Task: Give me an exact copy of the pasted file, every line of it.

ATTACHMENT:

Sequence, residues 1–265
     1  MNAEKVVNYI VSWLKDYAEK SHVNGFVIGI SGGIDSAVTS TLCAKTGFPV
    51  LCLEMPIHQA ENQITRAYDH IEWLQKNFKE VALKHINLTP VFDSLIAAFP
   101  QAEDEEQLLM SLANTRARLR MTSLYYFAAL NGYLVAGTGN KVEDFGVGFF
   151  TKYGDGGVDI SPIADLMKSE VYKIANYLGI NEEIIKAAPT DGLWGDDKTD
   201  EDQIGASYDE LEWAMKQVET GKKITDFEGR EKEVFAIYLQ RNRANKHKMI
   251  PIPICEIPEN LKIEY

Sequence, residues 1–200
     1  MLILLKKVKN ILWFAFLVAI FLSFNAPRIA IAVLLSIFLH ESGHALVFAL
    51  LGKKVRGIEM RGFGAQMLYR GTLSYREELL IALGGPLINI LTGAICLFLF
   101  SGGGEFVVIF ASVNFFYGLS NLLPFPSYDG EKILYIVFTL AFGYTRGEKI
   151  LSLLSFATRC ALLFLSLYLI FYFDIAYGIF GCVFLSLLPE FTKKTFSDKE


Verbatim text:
Sequence, residues 1–265
     1  MNAEKVVNYI VSWLKDYAEK SHVNGFVIGI SGGIDSAVTS TLCAKTGFPV
    51  LCLEMPIHQA ENQITRAYDH IEWLQKNFKE VALKHINLTP VFDSLIAAFP
   101  QAEDEEQLLM SLANTRARLR MTSLYYFAAL NGYLVAGTGN KVEDFGVGFF
   151  TKYGDGGVDI SPIADLMKSE VYKIANYLGI NEEIIKAAPT DGLWGDDKTD
   201  EDQIGASYDE LEWAMKQVET GKKITDFEGR EKEVFAIYLQ RNRANKHKMI
   251  PIPICEIPEN LKIEY

Sequence, residues 1–200
     1  MLILLKKVKN ILWFAFLVAI FLSFNAPRIA IAVLLSIFLH ESGHALVFAL
    51  LGKKVRGIEM RGFGAQMLYR GTLSYREELL IALGGPLINI LTGAICLFLF
   101  SGGGEFVVIF ASVNFFYGLS NLLPFPSYDG EKILYIVFTL AFGYTRGEKI
   151  LSLLSFATRC ALLFLSLYLI FYFDIAYGIF GCVFLSLLPE FTKKTFSDKE